Woolly alder aphid, Paraprociphilus tesselatus, is active at The Morton Arboretum in Chicago. This species is not a major plant-feeding pest. However, these aphids cover themselves with white, fluffy wax that resembles lint, and this is what is most noticeable. Woolly alder aphid requires two hosts to complete its life cycle: alder (Alnus spp.) and silver maple (Acer saccarinum).
Eggs are deposited in the fall into the bark of maples. The eggs hatch in spring into immatures, or young, that migrate to the underside of leaves, and then they settle to feed at the leaf midvein. All the young aphids are female (stem mothers), which can reproduce asexually (without mating). The feeding by the young aphids causes leaves to curl upward, creating a protective habitat, or cover. Eventually, the young develop into migrants that fly to alder trees. The winged migrants are large (about 10 mm from wingtip to wingtip). The aphids on the alder trees start a new generation. In fact, several generations may develop on an alder tree. Aphids, feeding excessively on plant tissues, produce large quantities of honeydew. In addition, the aphids cover themselves with white, fluffy wax filaments. In the fall, they migrate back to silver maples to lay eggs.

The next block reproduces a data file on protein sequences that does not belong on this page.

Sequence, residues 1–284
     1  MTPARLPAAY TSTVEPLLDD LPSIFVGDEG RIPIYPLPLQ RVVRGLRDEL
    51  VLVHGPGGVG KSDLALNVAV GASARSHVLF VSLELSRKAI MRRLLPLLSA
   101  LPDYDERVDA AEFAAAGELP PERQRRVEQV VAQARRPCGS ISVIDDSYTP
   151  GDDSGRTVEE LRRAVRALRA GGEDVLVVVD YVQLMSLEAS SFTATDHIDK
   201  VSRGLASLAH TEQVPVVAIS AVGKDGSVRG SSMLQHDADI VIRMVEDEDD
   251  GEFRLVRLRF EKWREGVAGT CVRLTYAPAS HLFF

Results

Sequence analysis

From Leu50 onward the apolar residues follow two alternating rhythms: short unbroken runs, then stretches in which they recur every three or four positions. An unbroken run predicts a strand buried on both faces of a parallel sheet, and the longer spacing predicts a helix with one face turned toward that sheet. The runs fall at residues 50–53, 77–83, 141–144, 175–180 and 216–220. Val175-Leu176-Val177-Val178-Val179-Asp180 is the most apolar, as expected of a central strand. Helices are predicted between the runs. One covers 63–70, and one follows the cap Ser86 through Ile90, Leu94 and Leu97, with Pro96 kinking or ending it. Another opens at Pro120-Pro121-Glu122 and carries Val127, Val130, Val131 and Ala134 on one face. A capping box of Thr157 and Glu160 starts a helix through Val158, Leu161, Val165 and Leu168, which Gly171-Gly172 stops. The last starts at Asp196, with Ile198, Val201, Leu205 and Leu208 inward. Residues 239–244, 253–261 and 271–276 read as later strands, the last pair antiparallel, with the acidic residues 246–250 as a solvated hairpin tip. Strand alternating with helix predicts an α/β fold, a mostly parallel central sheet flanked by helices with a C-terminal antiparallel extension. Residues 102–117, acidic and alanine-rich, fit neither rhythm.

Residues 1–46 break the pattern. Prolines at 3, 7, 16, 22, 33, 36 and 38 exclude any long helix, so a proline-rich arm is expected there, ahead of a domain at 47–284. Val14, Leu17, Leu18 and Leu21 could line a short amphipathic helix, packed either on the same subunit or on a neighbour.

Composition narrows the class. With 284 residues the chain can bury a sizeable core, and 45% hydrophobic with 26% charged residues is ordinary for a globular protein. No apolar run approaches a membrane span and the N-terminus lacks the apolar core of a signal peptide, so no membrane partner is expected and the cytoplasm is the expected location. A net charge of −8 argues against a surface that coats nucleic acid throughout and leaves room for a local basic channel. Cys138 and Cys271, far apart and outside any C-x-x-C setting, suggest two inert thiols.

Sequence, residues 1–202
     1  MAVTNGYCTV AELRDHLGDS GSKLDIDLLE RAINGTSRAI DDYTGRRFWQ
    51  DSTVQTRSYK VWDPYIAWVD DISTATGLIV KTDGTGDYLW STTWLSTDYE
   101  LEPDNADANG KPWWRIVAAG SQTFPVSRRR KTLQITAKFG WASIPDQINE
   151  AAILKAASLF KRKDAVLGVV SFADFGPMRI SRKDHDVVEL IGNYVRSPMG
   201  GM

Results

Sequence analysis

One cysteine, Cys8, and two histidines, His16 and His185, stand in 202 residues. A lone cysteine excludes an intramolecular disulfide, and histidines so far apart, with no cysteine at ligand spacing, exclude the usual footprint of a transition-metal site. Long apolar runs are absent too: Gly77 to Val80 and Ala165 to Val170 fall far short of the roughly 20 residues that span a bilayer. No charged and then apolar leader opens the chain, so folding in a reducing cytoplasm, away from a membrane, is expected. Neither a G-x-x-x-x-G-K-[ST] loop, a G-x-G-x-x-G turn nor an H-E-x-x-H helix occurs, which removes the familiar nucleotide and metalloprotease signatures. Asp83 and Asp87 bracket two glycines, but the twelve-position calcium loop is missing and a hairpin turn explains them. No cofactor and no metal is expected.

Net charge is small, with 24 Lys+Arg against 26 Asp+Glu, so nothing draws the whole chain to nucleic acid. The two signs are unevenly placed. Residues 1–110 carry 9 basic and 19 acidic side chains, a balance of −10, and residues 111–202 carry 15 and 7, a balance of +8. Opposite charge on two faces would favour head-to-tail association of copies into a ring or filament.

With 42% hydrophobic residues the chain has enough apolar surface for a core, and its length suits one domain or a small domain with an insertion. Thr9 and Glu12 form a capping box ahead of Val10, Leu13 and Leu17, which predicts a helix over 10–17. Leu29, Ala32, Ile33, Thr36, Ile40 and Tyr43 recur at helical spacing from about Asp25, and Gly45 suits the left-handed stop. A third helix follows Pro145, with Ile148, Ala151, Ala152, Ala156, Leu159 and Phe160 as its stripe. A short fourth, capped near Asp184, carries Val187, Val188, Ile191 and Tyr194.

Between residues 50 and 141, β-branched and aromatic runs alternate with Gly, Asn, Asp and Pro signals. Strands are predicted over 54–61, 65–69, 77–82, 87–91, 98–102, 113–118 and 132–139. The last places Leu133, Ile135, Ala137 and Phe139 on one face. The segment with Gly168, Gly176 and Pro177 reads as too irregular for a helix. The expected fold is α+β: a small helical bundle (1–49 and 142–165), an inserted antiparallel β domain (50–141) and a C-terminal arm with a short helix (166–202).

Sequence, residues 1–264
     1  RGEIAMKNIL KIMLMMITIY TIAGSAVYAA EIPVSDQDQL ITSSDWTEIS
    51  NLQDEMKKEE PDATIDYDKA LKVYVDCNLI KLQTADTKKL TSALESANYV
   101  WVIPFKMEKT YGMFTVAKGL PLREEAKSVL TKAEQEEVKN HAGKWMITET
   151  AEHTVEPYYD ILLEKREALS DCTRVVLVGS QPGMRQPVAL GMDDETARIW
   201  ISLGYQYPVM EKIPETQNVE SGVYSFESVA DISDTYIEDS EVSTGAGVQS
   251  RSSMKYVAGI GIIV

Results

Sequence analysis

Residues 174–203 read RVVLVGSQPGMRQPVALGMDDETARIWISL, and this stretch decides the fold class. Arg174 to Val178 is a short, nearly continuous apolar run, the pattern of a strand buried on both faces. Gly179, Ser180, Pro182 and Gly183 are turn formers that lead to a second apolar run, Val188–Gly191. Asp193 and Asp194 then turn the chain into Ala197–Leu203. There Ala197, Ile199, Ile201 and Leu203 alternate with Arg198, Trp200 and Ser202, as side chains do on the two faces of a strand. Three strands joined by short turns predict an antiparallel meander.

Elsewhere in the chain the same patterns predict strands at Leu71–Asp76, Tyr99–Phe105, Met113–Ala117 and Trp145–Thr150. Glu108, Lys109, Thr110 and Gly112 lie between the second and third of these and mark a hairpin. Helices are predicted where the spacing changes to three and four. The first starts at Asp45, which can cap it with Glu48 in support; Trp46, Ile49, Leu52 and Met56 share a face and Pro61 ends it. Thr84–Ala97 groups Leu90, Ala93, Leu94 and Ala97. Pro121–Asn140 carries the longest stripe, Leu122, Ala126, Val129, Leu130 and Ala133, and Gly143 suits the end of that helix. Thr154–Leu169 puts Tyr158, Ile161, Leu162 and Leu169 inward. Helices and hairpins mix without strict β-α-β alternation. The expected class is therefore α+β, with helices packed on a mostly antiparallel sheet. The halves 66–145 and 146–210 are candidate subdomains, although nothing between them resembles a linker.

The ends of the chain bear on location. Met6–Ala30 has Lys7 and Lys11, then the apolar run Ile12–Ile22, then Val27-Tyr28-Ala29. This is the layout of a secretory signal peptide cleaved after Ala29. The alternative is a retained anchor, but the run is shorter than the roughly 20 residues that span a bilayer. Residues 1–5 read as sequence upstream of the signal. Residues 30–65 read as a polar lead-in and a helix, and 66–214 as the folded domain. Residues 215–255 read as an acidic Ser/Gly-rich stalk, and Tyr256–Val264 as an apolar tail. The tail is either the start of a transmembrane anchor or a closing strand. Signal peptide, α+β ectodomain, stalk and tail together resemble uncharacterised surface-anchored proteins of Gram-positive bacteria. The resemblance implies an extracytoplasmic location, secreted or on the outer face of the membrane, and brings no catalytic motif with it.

The woolly alder aphid is not a plant-injurious pest. It is primarily a nuisance due to the amount of white, woolly threads that accumulate on the ground and the migrating aphids that seem to float through the air. As a result, insecticide applications are generally not recommended, mainly because they may kill natural enemies of the aphid. Woolly alder aphid is susceptible to a number of predators, including lacewings and lady beetles. Spraying plants with a hard stream of water greatly reduces aphid numbers and minimizes any long-term effects on natural enemy populations.